09 August 2013

myanmar cuisine

it's rare you get a chance to try a completely new cuisine, with no conception of what flavors or spices or textures to expect.

that was us on our first day here. we ate at a famous local restaurant called "feel," popular among locals and adventurous tourists alike. even anthony bourdain had to stop at feel when looking for authentic burmese (or "myanmar" - what an awkward language convention!) food.

ordering is crazy - you walk with your waiter into a crowded restaurant with a huge display of dozens of salads and vegetables and meat dishes crowded into a little buffet display, then point to what you want, which is soon carried to your table along with a huge pot of steamed rice. a whole filling meal for the table costs the equivalent of $5 or $10 at most.

i also find that while vegetable dishes are easy to come by, you have to be more careful to avoid having fish paste and fish sauce in the base of your meal. some of our favorite dishes are feel's tea leaf salad, tomato salad, bean salad, corn salad, and lime salad. the word "salad" doesn't really describe them - they're totally diverse foods - but we don't have any better identifiers to distinguish them in english.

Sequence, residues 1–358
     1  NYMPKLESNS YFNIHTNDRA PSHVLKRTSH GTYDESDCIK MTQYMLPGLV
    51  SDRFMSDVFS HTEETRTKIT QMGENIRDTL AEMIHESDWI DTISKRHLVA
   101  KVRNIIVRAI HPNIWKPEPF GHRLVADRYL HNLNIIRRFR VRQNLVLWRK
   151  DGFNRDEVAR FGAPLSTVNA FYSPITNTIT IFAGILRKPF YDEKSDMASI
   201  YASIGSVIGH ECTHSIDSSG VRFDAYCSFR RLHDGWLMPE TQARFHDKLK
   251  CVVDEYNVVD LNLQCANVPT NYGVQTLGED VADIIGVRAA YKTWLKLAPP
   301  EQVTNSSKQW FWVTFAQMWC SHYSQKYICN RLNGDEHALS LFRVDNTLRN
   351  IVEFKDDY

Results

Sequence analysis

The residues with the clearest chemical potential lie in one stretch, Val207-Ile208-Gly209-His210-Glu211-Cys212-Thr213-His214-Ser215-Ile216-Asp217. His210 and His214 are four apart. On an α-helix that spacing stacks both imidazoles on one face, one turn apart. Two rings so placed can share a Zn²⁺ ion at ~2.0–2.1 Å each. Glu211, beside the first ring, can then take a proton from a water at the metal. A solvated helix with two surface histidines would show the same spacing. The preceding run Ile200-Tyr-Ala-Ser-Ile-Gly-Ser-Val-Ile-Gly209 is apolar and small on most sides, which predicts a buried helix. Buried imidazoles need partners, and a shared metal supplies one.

we've also been by feel again and found they have really good (imported) gelato - who knew?

friend veggie spring rolls are a crowd favorite. this was at be kind to animals the moon in bagan.

honestly, burmese food is good but i wouldn't want it for every meal. we've been eating loads of thai food as well, like curries and pad thai; occasional indian or indian-influenced cuisine; a few of our indonesian favorites like mee goreng; and for some reason penne arrabiata has become our go-to meal at "international" restaurants.

and we've had plenty of fruit juice, as well. mango, pineapple, lime, ginger, papaya, even avocado: it's all delicious here.

avocado juice?! not sure how i feel about this one. it's like a really creamy milkshake with an avocado aftertaste.

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